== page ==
2. The method of treating .a. liquid material for removing therefrom a volatile constituent, which comprises moving a body of gas in a closed circult, heating the gas at the liquid even though the gas is ad-' ltltl llt) one. point in the circuit, at another point in the circuit projecting the liquid material in a sheetor curtain of drops substantially horizontally, simultaneously projecting the heated gas in a sheet or curtain below the sheet or curtain of liquid substantially horizontally but slightly upwardly, deflecting the liquid downwardly while the gas is passed upwardly through the sheet or curtain of drops, the gas picking up the volatile constituent in the form of a vapor, a-t another polnt in the circuit cooling the gas to condense out the volatile constituent therefrom, passing the gas. from said cool-' constituents and the heating point Where the' as is re-heated imparting an impelling orce to the gas for maintaining the absorption zone at a relatively low pressure for increased absorption, and for maintaining a relativel high pressure at the heating point of t e circuit, said. body of gas consisting of a constant unvarying charge,

and said circuit being of fixed volume and closed to atmosphere and to the introduction of extraneous gases, whereby the volatile flavoring constituents of said liquid material is retained in said-body of gas.

3. In apparatus of the kind described, a mixing chamber, a spreading discin said mixing chamber, inlet means for directing the fluid upon said spreading disc, a gas pressure chamber below said spreading'disc the gas chamber having a restricted outlet to said mixing chamber, an impeller arranged at said outlet for forcibly impelling the gas into the mixing chamber, a condenser for condensing out the vapor in the gas and for contractlng the volume of gas, a conduit joining the condenser to the mixing chamber, a reheater, a conduit joining the condenser to the reheater, means arranged between the condenser and the reheater for drawing the gas from the mixing chamber and forcing it to the pressure chamber, and a third conduit connecting said heater with said gas chamber.'

- In witness whereof I hereunto subscribe my name this 28th day of July, A. D. 1919.

HARRY E. LA BOUR.

Referenced by
Citing PatentFiling datePublication dateApplicantTitle
US2427718 *Dec 19, 1944Sep 23, 1947Distillation Products IncVacuum distillation with circulation of gas
US2714573 *Oct 14, 1950Aug 2, 1955Arthur J BlakeProcess for recovering volatile flavors
US2803591 *Apr 27, 1954Aug 20, 1957Coanda HenriApparatus for purification of undrinkable water
US2921004 *Dec 18, 1953Jan 12, 1960Foster Wheeler LtdApparatus for the evaporation or distillation of water
US3177126 *Sep 28, 1959Apr 6, 1965Joseph Charreau Paul AugusteProcess and apparatus for purifying solvents, more especially for the dry cleaning industry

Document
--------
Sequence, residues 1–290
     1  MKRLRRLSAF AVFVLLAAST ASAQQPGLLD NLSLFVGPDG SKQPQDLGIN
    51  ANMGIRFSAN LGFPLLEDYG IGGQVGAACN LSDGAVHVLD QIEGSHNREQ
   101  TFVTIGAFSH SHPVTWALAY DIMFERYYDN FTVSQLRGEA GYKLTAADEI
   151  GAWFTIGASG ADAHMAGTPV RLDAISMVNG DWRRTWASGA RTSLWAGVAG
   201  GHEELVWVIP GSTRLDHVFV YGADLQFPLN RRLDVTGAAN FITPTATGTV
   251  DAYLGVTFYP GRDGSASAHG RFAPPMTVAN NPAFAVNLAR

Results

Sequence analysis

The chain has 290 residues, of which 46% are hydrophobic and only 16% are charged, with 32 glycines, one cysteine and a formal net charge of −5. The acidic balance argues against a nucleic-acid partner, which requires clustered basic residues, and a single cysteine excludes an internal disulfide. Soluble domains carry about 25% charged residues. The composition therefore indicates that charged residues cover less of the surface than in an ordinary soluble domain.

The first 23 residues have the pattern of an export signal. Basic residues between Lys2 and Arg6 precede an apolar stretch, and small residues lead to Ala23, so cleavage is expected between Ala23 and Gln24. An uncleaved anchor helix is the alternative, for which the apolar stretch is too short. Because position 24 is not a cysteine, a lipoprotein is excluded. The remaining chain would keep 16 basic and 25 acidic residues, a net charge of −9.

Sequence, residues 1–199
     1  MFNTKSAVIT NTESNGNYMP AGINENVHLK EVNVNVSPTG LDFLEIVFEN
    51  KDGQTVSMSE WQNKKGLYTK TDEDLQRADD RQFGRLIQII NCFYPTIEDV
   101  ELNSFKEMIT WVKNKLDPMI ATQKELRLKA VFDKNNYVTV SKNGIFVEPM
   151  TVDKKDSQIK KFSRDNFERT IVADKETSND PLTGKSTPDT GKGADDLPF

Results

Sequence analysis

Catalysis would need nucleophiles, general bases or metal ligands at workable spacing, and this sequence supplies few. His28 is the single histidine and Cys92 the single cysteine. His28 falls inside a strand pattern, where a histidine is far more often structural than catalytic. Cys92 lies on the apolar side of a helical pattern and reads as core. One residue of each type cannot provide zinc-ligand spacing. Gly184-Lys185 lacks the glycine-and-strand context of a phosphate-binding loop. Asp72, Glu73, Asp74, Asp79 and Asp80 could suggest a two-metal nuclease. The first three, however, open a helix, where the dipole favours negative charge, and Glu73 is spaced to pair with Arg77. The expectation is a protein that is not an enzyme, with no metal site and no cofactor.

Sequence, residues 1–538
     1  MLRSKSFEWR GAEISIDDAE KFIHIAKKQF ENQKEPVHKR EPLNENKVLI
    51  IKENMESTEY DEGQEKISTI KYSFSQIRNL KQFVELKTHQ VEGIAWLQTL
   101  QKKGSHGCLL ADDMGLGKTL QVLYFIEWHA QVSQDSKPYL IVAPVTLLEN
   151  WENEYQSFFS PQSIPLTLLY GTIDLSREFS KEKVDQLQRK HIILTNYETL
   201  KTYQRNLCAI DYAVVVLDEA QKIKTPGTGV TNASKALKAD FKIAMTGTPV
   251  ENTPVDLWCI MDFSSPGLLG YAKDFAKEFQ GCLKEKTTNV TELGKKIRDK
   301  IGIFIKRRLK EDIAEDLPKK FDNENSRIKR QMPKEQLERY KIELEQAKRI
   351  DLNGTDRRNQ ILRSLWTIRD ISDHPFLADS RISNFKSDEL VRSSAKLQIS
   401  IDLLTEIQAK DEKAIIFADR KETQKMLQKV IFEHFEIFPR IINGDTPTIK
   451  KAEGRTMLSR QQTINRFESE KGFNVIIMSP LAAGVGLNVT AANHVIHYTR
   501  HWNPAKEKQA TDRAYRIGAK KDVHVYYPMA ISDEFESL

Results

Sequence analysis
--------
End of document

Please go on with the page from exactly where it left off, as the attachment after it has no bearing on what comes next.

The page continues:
US3214351 *Feb 26, 1962Oct 26, 1965Saline Water Conversion CorpFalling film convective distillation unit with direct contact condensation
US3218343 *Oct 10, 1962Nov 16, 1965Continental Oil CoPurification of aluminum alkyls
US3248306 *Aug 28, 1962Apr 26, 1966Charles R CummingsWater purification convective distillation apparatus
US3356591 *Apr 17, 1961Dec 5, 1967Adolphe C PetersonMethod and apparatus for distillation of materials in solution by direct and indirect contact with air
US3986936 *Nov 7, 1974Oct 19, 1976Rush Martin ASolar heated evaporating and condensing unit
US4200497 *Dec 20, 1978Apr 29, 1980Rhodes William ASparged air distilled water recovery system
US4345973 *Aug 25, 1980Aug 24, 1982Purdue Research FoundationVapor phase dehydration of aqueous alcohol mixtures
US4534828 *Sep 30, 1983Aug 13, 1985Nordale IncorporatedEvaporator apparatus
US4556460 *Jun 4, 1982Dec 3, 1985The United States Of America As Represented By The Secretary Of AgricultureAdsorption of water vapor by sorbent in preference to ethanol
US5156747 *Oct 18, 1991Oct 20, 1992International Environmental Systems, Inc.Heating compressed gas, mixing with liquid mixture, forming mist, vaporizing lower boiling liquid, settling high boiling by gravity
US5171455 *Jul 10, 1992Dec 15, 1992International Environmental Systems, Inc.Method and apparatus for separation of toxic contaminants by nebulization
US5458739 *Feb 4, 1994Oct 17, 1995Vendome Copper & Brass WorksVolatiles separator and concentrator
US5624534 *Jun 7, 1995Apr 29, 1997Boucher; Armand R.Volatiles separator and concentrator
US5955135 *Apr 28, 1997Sep 21, 1999Vendome Copper & Brass Works, Inc.Low temperature vacuum distillation and concentration process
DE3820847A1 *Jun 21, 1988Dec 28, 1989Fluehs Drehtechnik GmbhVerfahren und vorrichtung zum trennen von loesemitteln und oelen
DE3844566A1 *Jun 21, 1988Dec 28, 1989Fluehs Drehtechnik GmbhProcess and apparatus for separating solvents and oils
Classifications
U.S. Classification203/90, 23/293.00A, 426/493, 159/4.2, 203/100, 203/49, 159/48.2, 426/14
International ClassificationB01D3/34
Cooperative ClassificationB01D3/346, Y10S203/11
European ClassificationB01D3/34B2